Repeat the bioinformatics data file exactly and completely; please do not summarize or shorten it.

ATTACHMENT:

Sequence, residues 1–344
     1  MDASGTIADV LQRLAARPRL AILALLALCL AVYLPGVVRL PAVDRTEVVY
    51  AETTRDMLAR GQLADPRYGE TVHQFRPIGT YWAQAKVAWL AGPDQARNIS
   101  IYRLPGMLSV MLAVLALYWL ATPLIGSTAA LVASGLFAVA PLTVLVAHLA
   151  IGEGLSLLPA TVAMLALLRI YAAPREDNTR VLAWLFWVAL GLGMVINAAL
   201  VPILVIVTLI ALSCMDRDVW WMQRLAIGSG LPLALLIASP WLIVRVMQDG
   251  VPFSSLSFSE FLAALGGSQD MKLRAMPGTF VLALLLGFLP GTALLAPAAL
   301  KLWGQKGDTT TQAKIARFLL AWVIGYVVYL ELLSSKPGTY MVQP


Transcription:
Sequence, residues 1–344
     1  MDASGTIADV LQRLAARPRL AILALLALCL AVYLPGVVRL PAVDRTEVVY
    51  AETTRDMLAR GQLADPRYGE TVHQFRPIGT YWAQAKVAWL AGPDQARNIS
   101  IYRLPGMLSV MLAVLALYWL ATPLIGSTAA LVASGLFAVA PLTVLVAHLA
   151  IGEGLSLLPA TVAMLALLRI YAAPREDNTR VLAWLFWVAL GLGMVINAAL
   201  VPILVIVTLI ALSCMDRDVW WMQRLAIGSG LPLALLIASP WLIVRVMQDG
   251  VPFSSLSFSE FLAALGGSQD MKLRAMPGTF VLALLLGFLP GTALLAPAAL
   301  KLWGQKGDTT TQAKIARFLL AWVIGYVVYL ELLSSKPGTY MVQP